For women, domestic violence is the greatest risk factor associated with guns. According to Everytown, “The presence of a gun in a domestic violence situation makes it five times more likely that a woman will be murdered,” and some Center for Disease Control statistics suggest more than 50 percent of female homicides are attributable to intimate partner violence.
Klobuchar’s bill, the Protecting Domestic Violence and Stalking Victims Act, would close gaping holes in background check laws that don’t bar gun ownership by abusive dating partners rather than spouses, and don’t incorporate many stalking crimes.
Domestic violence is one issue where the National Rifle Association has been softening its typical reflexive and vehement opposition to any gun safety bill. In the past few months, three states passed bills to increase domestic violence protection with newfound support from the NRA. But the NRA is thus far continuing to oppose Klobuchar’s bill, saying in a recent letter to senators that the proposal “manipulates emotionally compelling issues such as ‘domestic violence’ and ‘stalking’ simply to cast as wide a net as possible for federal firearm prohibitions.”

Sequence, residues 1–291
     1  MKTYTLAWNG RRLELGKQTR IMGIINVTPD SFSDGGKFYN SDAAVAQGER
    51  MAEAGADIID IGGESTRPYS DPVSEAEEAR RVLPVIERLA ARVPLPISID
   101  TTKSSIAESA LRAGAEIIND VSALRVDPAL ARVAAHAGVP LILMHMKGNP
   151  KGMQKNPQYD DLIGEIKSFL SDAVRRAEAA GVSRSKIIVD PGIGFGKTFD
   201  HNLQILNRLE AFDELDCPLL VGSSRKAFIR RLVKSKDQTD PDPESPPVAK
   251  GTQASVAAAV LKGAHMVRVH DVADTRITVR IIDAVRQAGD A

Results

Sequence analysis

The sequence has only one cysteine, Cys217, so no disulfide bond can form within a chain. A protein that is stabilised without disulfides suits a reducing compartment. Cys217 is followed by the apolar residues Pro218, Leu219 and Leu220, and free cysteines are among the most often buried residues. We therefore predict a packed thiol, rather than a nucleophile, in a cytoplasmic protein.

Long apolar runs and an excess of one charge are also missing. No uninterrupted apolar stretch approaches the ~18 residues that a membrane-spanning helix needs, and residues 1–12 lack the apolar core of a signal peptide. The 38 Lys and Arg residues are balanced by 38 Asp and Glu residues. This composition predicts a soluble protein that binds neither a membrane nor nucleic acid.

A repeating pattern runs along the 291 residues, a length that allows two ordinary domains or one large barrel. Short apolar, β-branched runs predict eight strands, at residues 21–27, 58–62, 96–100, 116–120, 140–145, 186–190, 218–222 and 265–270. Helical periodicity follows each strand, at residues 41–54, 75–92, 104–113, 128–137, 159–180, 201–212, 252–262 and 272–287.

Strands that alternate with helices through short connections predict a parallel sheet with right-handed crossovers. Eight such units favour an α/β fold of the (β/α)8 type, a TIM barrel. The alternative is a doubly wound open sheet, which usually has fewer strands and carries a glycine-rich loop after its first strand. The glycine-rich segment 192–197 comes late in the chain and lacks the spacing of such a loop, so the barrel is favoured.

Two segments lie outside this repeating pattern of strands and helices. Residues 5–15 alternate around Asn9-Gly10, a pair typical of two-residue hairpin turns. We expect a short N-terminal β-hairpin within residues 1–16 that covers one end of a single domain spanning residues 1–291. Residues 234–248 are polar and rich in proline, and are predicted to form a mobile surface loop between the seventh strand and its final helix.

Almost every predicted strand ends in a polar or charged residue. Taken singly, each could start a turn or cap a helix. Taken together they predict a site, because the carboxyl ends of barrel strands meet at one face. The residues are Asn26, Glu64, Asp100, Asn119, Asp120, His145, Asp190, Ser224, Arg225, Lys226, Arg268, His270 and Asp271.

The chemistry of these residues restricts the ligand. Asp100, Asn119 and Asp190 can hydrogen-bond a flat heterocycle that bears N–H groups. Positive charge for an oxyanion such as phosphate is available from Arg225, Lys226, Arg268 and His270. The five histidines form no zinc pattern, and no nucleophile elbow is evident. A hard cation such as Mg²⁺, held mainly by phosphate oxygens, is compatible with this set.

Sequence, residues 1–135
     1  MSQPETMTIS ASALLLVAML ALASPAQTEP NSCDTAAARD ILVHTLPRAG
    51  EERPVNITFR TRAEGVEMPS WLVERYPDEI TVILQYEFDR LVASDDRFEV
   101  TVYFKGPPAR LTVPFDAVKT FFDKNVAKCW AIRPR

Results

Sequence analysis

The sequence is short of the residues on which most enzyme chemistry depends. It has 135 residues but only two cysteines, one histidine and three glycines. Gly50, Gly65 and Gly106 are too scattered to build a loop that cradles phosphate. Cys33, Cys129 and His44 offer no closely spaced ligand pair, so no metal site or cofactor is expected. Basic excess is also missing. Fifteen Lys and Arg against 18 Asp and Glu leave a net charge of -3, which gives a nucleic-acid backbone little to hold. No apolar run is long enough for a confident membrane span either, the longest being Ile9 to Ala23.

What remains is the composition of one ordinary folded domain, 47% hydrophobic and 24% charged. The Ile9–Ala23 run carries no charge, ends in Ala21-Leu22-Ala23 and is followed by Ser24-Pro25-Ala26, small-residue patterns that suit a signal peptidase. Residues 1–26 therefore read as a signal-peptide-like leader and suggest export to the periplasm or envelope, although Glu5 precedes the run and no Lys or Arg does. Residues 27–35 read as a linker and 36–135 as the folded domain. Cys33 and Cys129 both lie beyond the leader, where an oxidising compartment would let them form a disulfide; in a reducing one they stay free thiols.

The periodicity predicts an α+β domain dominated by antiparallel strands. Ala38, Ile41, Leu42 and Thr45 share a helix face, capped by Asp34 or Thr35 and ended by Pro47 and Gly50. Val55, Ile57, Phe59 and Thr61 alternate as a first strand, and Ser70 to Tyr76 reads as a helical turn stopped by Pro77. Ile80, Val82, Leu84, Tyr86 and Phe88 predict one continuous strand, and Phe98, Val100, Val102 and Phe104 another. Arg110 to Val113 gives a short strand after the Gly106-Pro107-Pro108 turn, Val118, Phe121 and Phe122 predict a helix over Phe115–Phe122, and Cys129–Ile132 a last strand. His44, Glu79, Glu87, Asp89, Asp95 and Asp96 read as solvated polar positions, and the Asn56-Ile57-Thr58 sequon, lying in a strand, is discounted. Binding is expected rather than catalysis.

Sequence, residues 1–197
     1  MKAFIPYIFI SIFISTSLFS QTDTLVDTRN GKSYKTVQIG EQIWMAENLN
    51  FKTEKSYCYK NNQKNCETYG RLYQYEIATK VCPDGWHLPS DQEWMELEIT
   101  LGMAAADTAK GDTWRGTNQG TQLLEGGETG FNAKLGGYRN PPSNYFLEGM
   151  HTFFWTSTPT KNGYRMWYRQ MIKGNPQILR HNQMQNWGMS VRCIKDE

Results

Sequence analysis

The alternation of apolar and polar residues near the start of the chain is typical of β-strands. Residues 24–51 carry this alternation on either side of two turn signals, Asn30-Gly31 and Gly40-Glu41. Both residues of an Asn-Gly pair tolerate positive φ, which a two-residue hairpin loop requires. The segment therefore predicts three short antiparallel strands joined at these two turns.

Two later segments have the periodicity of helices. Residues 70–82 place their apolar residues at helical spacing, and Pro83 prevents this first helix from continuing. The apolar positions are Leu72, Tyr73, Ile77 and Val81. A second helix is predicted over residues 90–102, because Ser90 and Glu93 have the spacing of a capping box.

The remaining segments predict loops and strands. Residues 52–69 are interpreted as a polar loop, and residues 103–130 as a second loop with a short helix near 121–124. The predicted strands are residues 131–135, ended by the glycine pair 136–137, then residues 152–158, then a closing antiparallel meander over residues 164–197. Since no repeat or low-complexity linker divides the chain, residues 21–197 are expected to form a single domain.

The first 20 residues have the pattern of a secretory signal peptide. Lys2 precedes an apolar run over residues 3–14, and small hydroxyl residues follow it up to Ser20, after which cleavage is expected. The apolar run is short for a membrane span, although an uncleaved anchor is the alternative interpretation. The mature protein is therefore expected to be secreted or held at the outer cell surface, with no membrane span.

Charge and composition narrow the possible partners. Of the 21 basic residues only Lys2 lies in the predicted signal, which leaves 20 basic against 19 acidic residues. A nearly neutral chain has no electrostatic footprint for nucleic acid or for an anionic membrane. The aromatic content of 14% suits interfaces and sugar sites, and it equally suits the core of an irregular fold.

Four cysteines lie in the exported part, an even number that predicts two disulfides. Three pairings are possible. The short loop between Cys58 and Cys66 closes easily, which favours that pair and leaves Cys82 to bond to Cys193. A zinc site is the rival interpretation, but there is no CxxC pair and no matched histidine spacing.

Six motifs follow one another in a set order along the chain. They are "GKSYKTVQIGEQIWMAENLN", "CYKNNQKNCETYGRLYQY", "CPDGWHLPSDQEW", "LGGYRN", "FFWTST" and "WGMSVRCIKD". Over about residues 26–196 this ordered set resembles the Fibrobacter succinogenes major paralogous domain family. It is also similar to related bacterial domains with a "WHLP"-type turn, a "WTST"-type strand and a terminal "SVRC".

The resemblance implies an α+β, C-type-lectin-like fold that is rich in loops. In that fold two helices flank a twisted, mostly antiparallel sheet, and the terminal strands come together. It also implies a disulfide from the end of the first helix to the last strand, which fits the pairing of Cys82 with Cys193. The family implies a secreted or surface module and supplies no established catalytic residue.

This week we’re going to hear a lot about Paul Ryan’s sudden conversion from shamer of the poors to pretend advocate for the poors. But he’s just window-dressing. The real work is being done in the streets, by a North Carolina mayor.
Mayor Adam O’Neal is the mayor of a small rural community with one hospital which is now closed. Bellhaven had one hospital, and that hospital was purchased by a chain which then closed it since most residents in Bellhaven don’t have the ability to pay for medical care. North Carolina is one of the states which has refused the Medicaid expansion, thanks to Art Pope’s position as Governor McCrory’s keeper.
Saturday, Mayor O’Neal arrived in Woodbridge, VA at a rally to fight for Medicaid expansion. No major media outlet reported it, despite the fact that the mayor has been joined by Reverend William Barber and other icons of the civil rights movement.